Sunday, September 28, 2008

Brilliant Newfoundlander Invents the Solution!

Jim Meaney, owner of Cansolair Inc. displays how he converts pop cans into a powerful solar heating panel.

Sunday, July 13, 2008

The Origin of Air Conditioning

Conceptually speaking, air conditioning has been around since the first primitive humans ducked into cool, damp caves to take refuge from summer heat. But aside from fans of various shapes and sizes, the technology of temperature control didn’t progress beyond the stone age until the 1830s. That’s when John Gorrie, a doctor from Florida, decided to do something about the stifling heat in his hospital, which he reasoned wasn’t doing his malaria and yellow fever infected patients much good. In response, he created a simple contraption that was little more than a fan that blew over a bucket full of ice—and though it was mighty inefficient, it worked.

A more complex device was rigged up in the bedroom of dying president James Garfield in 1881. Naval engineers constructed a kind of box filled with ice water-soaked rags. A fan blew hot air overhead, forcing the cool air to stay low to the floor, where the ailing president’s bed was. Half a million pounds of ice and two months later, the president was dead, though the engineers had succeeded in lowering the room’s temperature an average of twenty degrees during that time.

But those were experiments, not the norm. Refrigeration first came into common use in some large cities during the late 1800s, typically piped from a central cooling station to meat lockers, keg rooms and even bank vaults where important documents were stored. “Manufactured air,” as it was known, was primarily an industrial-use phenomenon until the turn of the century, when men like Willis Carrier, an engineer and air conditioning pioneer, began to experiment with systems practical for use in commercial and residential spaces. The key was precise control of the temperature-humidity relationship in the air, achieved by a series of chilled coils that both lowered temperature and the moisture level. His invention, built for the Brooklyn-based Sackett-Wilhelms Lithographing and Publishing Company, was called the “Apparatus for Treating Air,” and it kick-started a revolution.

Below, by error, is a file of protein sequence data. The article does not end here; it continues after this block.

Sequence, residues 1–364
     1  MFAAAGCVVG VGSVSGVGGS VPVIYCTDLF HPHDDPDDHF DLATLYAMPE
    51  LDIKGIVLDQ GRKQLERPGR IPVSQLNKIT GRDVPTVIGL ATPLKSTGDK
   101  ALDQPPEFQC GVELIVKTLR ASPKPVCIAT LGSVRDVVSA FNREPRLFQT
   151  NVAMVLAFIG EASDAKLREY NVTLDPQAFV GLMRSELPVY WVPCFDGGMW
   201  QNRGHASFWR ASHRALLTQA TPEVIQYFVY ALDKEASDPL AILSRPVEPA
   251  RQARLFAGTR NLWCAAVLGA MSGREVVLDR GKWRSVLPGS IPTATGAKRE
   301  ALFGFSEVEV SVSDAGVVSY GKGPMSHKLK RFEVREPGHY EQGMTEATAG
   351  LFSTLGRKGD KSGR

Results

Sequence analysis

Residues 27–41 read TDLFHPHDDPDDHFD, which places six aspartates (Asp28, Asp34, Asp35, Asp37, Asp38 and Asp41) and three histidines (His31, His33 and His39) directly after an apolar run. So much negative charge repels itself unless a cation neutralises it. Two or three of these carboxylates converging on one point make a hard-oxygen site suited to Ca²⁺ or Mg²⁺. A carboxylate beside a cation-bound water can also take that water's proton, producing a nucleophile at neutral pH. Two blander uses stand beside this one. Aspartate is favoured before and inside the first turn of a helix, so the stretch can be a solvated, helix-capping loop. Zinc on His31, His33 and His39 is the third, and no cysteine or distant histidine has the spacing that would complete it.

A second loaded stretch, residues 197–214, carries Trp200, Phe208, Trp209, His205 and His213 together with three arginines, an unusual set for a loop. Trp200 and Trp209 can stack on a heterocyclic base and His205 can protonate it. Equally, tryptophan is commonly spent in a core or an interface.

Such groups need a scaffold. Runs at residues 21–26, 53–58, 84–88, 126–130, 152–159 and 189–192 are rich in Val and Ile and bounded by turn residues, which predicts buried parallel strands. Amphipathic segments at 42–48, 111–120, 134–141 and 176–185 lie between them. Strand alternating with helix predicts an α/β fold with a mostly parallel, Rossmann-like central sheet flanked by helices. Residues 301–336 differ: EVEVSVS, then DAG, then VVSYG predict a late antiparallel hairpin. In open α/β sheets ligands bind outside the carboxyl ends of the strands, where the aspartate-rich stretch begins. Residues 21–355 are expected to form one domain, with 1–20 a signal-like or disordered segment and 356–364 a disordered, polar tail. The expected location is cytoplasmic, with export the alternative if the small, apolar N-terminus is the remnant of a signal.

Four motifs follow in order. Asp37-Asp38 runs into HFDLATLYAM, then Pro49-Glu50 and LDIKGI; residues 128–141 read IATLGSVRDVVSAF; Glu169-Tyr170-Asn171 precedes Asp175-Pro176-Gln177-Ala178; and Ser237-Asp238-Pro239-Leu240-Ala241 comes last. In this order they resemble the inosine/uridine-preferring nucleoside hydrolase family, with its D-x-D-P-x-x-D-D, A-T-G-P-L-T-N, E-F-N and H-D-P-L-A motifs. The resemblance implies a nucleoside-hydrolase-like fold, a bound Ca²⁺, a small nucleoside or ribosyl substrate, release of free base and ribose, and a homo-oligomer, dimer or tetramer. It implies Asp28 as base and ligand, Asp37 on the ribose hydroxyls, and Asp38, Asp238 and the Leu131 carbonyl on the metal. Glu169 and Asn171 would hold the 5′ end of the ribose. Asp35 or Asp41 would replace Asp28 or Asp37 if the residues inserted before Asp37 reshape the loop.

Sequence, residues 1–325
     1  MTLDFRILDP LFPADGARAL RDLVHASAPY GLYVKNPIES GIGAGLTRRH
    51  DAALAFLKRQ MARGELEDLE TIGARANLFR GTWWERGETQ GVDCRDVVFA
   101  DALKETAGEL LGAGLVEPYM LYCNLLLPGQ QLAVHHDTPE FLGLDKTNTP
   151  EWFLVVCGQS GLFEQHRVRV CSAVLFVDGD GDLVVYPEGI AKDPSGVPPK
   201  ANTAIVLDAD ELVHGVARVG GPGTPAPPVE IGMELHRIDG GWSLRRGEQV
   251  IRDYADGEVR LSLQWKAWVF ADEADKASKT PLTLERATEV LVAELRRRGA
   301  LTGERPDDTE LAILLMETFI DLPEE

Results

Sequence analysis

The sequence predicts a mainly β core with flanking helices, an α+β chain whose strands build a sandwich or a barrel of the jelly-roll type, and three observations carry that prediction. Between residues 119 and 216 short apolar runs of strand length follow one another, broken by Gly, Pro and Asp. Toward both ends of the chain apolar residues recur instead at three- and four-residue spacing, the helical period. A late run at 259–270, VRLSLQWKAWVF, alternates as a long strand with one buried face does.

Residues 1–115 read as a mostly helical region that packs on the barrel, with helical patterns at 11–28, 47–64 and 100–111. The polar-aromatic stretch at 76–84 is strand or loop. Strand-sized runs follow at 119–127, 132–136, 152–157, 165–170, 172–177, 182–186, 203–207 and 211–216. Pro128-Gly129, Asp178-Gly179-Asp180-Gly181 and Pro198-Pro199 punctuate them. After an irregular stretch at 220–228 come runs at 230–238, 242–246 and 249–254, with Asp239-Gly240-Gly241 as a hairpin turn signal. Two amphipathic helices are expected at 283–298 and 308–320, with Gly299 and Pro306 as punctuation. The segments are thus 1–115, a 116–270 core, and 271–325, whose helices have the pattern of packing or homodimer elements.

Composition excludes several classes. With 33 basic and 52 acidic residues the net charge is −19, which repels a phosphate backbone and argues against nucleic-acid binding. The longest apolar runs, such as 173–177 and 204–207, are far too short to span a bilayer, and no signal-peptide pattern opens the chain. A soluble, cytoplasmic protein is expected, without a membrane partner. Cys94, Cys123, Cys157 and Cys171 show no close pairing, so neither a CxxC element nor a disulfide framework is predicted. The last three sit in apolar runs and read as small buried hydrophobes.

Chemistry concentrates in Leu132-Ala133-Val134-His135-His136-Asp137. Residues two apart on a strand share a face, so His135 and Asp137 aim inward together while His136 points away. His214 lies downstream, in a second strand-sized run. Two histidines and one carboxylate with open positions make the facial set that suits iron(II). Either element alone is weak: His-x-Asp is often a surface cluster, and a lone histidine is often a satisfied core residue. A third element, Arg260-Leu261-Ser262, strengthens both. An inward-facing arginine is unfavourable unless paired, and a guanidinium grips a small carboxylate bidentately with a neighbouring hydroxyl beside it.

gates-castle.jpgSuddenly cooled air didn’t have to come from a centrally-located supply; any business with enough money could have their own local system. Schools, hospitals, printing plants and textile manufacturers lined up to have air conditioners installed (as well as one wealthy private citizen, Charles Gates of Minneapolis, the first person to have his home—pictured at left—air-conditioned). The thing stopping Carrier’s units from going into every home in America, however, was their gigantic size. Further, the potential danger of the toxic ammonia they used as coolant didn’t help. In 1922, however, Carrier solved those problems by replacing the ammonia with the relatively safe chemical dielene, and added a compressor to the systems, which reduced their size and expense.

Soon the inventions were popping up in movie theaters all over the country, which became refuges for sweltering cineastes during the summers. Before long, air conditioning was debuting in office buildings, department stores and in fancy trains everywhere. World War II slowed things down a bit since resources were scarce, but when the troops came home and embraced the suburban American dream, many of them wanted that dream air conditioned. Within a few years, window units began selling like hotcakes: from just 74,000 in 1948 to over a million in 1953.

Wednesday, June 18, 2008

Air Powered Cars on the Way?

apparently the inventors are getting fairly close to a design that can be produced on a decent scale.

It uses no gas, no hydrogen, not even water; just compressed air from your standard compressor. It even has an on board compressor that can either be plugged in at your home for 3-4 hours, giving you 200+km of driving, or it can generate enough compressed air on the go to drive you from New York to LA on a single tank of gas, running as a hybrid. The compressor uses roughly $2 worth of electricity if you chose to recharge it in your home, soon to be the cost of a liter of gas no doubt. The public and mainstream media needs to start taking notice and give these garage inventors the praise they deserve.

Take a look at the demonstration below.

Saturday, April 26, 2008

Wheels for paralyzed turtle

Jim Lee is a contributor to MAKE magazine, and is interested in turtles and bamboo. He built a set of wheels for an injured box turtle, shown here.